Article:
However, Saleem Shahzad's murder caused huge outrage and journalists from all over Pakistan staged a sit-in outside the Parliament House in Islamabad to protest the incident and demand a judicial probe into his disappearance and assassination. Leading politicians from all parties, including Nawaz Sharif, turned up at the sit-in to show solidarity with the protesting journalists. The government finally accepted the demand of the Pakistan Federal Union of Journalists and constituted a judicial commission headed by a serving judge of the Supreme Court of Pakistan to probe Shahzad's murder. There is, however, not much hope that those involved in the murder will be properly identified and punished. In this case, the suspicion has fallen on the intelligence agencies, which have never been held accountable.
There have been many incidents of extrajudicial killings, but two recent ones have stood out. In one tragic episode, five foreigners on their way to Iran via Afghanistan and Pakistan were gunned down by personnel of the paramilitary Frontier Corps and the Balochistan Police in Quetta and then described as suicide bombers to hide the crime. Two of them, a couple, were later identified as Russian nationals by their family members who came from Russia. They were buried in Quetta. The bodies of the remaining three are still being kept at the mortuary of a public hospital in Quetta for lack of identification, though it is generally believed that they were Chechens. Though protests were staged in Quetta to condemn the incident and the government ordered a judicial probe, it remains to be seen if the uniformed killers will ever be punished.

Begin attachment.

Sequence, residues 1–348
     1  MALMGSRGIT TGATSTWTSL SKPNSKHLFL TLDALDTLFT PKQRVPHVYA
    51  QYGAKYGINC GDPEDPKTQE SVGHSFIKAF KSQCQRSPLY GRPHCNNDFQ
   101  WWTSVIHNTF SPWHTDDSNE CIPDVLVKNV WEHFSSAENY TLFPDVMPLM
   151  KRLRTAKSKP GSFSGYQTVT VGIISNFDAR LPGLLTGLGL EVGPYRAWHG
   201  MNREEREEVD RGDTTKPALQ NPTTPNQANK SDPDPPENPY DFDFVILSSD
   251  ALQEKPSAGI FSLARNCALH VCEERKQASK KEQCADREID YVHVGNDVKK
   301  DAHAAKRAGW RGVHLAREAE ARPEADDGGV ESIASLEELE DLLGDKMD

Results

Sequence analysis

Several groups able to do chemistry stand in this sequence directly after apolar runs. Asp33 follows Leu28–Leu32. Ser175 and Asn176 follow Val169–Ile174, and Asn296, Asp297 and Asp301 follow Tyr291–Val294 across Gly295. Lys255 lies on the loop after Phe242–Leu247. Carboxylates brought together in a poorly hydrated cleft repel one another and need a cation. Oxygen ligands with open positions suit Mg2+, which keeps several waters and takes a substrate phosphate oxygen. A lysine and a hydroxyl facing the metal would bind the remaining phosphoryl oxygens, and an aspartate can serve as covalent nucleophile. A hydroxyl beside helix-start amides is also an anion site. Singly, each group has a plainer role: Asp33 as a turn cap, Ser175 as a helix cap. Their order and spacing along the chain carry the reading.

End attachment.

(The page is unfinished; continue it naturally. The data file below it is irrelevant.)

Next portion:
Another incident that shocked the nation was the point-blank killing of a teenager, Sarfaraz Shah in Karachi. Targeted killings are common in Karachi and recently 20 people were shot dead in one day in incidents involving political parties, ethnic groups and criminals. But Sarfaraz Shah was killed by personnel of the Sindh Rangers, another paramilitary force, and the scene was captured on camera by a brave TV cameraman as the young man begged for his life.
The Supreme Court of Pakistan took suo motto notice of the incident and ordered the removal of the Sindh Rangers Director General Major General Ejaz Chaudhry and the provincial police Chief Fayyaz Leghari for their negligence and for trying to justify the killing. The government has also ordered an inquiry into the incident and withdrawn some of the vast powers enjoyed by the Rangers. Commentators have noted that past inquiries have not achieved much or delivered justice to those wronged and this one may not achieve the desired result. Obtaining justice is particularly difficult if the accused are men in uniform.
Still, the media in Pakistan is vibrant and willing to take up such cases, and the judiciary is active. These two institutions continue to inspire hope. The political parties also pursue issues when they are identified and highlighted by the media and taken by the judiciary through suo moto action. The outcome of the three judicial probes into the murder of Saleem Shahzad, the point-blank killing of Sarfaraz Shah and the targeted assassination of the five foreigners in Quetta should determine if justice is delivered, and whether the accused — even if they happen to be members of the security forces and law-enforcement agencies — are taken to task or not.
Source: asian affairs, July 2011, London